Meet the Dolphin Society

Acrobatic bottlenose dolphin in the waters of Santa Monica Bay, California. Photograph courtesy of Maddalena Bearzi.

A Glance Into the Lives of our Ocean Friends

All around me I see dolphins. I feel as though I could be part of a family, somehow different from my terrestrial one. At the bow of my boat, there’s a group of exuberant bottlenose teenagers playing amongst themselves. Some bear strings of kelp on the end of their snouts while others frolic with small pieces of plastic or jellyfish. We are all following one of those “freeways” called fronts, which form when water masses of different temperature meet in the ocean.

Most dolphins are social animals and, like great apes and humans, derive more advantages than disadvantages from living in a group. In schools, a dolphin can attain protection from predators, ease of finding food and a convenient place to meet fertile sexual partners.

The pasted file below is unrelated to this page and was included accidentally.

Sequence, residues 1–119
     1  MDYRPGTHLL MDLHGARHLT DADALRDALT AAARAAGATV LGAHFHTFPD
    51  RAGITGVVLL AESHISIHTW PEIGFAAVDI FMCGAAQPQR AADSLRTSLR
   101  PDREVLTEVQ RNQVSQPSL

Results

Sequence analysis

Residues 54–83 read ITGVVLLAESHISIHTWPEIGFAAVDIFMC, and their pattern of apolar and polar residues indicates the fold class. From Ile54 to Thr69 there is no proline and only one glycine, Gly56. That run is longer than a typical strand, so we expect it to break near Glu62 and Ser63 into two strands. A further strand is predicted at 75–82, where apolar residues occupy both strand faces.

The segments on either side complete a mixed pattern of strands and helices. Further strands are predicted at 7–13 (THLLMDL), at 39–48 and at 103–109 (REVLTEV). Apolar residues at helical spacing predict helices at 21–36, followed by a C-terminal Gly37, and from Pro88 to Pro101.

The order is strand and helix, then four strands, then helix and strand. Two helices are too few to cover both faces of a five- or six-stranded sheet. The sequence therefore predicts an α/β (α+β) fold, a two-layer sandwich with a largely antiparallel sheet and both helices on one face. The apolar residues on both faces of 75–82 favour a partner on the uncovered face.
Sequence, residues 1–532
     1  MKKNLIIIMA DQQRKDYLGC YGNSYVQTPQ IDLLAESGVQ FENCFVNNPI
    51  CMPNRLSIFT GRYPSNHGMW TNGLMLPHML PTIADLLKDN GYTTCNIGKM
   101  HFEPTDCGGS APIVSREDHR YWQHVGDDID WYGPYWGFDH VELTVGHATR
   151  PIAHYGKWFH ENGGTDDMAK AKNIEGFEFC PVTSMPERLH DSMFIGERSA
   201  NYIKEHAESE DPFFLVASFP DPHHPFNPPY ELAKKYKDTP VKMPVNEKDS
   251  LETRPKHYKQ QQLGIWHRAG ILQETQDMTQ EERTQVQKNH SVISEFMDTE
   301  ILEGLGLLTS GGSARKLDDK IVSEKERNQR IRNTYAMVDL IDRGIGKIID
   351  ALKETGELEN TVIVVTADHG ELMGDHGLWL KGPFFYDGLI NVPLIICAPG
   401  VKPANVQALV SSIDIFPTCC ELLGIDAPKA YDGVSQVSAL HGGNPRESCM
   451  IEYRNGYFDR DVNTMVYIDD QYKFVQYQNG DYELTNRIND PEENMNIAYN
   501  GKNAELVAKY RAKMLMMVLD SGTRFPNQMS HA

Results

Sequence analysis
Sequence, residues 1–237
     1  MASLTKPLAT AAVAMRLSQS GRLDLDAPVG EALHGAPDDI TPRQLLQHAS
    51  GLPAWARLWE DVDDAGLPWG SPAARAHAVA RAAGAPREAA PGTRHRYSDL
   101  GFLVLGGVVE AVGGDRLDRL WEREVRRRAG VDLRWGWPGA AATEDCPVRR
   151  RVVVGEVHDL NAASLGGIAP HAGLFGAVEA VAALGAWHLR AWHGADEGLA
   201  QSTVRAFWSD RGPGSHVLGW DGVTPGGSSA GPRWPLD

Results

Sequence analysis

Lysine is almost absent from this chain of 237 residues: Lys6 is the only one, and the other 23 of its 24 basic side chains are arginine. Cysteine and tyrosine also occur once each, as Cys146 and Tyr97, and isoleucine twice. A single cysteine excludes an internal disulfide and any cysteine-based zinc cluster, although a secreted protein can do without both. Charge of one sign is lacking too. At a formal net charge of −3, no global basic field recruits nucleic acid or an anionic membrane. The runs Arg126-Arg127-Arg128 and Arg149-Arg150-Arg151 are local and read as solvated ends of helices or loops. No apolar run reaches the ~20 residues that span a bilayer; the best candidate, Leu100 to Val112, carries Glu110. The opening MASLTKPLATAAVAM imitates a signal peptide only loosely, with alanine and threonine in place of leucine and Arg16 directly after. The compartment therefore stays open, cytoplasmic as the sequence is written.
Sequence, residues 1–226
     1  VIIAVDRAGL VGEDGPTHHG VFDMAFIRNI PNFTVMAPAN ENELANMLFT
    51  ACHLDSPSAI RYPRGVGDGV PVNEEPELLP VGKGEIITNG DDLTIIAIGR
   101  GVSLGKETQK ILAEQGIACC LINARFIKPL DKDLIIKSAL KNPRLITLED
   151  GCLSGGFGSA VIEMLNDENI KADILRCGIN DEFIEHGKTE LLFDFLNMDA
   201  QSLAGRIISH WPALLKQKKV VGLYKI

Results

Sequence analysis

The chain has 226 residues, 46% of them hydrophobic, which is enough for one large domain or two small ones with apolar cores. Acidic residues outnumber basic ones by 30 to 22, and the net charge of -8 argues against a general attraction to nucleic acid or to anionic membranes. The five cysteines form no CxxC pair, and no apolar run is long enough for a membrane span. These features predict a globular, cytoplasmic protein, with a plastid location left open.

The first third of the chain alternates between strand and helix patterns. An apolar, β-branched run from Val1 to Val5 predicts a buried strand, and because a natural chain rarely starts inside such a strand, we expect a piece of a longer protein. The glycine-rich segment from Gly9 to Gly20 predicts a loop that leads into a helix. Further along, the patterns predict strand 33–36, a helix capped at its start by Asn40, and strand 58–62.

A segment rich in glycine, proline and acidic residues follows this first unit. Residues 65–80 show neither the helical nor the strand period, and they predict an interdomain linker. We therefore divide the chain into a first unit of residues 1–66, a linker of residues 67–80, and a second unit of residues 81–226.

Bottlenose dolphins are the most well-known and studied cetaceans. They spend their lives in what are known as fission-fusion societies. “Fission” means that the members of the local breeding population are continually splitting up and going their separate ways. And “fusion” means they always come back. A fission-fusion society may consist of several to many schools, the composition of which may be constantly changing on a daily or even —> Read More Here


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